I strongly recommend that no matter in what capacity Mr. McSorley appears on air, his affiliation be noted. Although Mr. McSorley is the only film critic on the morning show, other critics appear on the afternoon show. The Ottawa audience can access a range of film reviews and perspectives through CBC. A conflict could potentially arise if at any time The Canadian Film Institute or any of its programs became part of a public controversy. I would rely on information staff to follow policy and ensure a range of views and opinions were presented.

In the context of reviewing, provided that his affiliation is identified, and that no CFI films are subject of review, I see no policy impediment in using this film reviewer in Ottawa.

relevant affiliation a program participant has should be disclosed in the broadcast. The logic is that this enables audiences “to judge the relevance and credibility of their statements.”

I strongly recommend that no matter in what capacity Mr. McSorley appears on air, his affiliation be noted. Although Mr. McSorley is the only film critic on the morning show, other critics appear on the afternoon show. The Ottawa audience can access a range of film reviews and perspectives through CBC. A conflict could potentially arise if at any time The Canadian Film Institute or any of its programs became part of a public controversy. I would rely on information staff to follow policy and ensure a range of views and opinions were presented.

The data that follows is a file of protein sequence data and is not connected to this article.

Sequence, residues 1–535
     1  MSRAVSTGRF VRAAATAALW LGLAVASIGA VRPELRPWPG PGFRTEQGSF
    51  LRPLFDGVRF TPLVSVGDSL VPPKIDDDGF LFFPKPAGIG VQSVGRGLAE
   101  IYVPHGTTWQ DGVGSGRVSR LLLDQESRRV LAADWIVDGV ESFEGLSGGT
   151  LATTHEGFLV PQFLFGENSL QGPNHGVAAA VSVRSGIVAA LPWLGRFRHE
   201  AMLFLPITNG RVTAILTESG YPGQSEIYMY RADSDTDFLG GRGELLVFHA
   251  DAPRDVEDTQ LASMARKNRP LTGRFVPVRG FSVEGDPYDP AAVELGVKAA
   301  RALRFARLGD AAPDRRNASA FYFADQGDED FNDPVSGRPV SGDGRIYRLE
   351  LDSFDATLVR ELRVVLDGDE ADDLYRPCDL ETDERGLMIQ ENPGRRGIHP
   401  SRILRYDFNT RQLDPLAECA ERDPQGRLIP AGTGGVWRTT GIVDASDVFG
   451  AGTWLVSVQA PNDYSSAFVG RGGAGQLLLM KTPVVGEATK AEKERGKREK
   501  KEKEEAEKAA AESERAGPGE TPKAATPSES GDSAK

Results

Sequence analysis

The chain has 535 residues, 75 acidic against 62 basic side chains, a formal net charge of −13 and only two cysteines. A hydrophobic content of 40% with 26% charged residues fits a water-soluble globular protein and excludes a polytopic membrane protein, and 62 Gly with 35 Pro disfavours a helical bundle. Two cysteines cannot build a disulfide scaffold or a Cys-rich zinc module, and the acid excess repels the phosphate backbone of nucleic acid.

In the context of reviewing, provided that his affiliation is identified, and that no CFI films are subject of review, I see no policy impediment in using this film reviewer in Ottawa.

Esther Enkin
CBC Ombudsman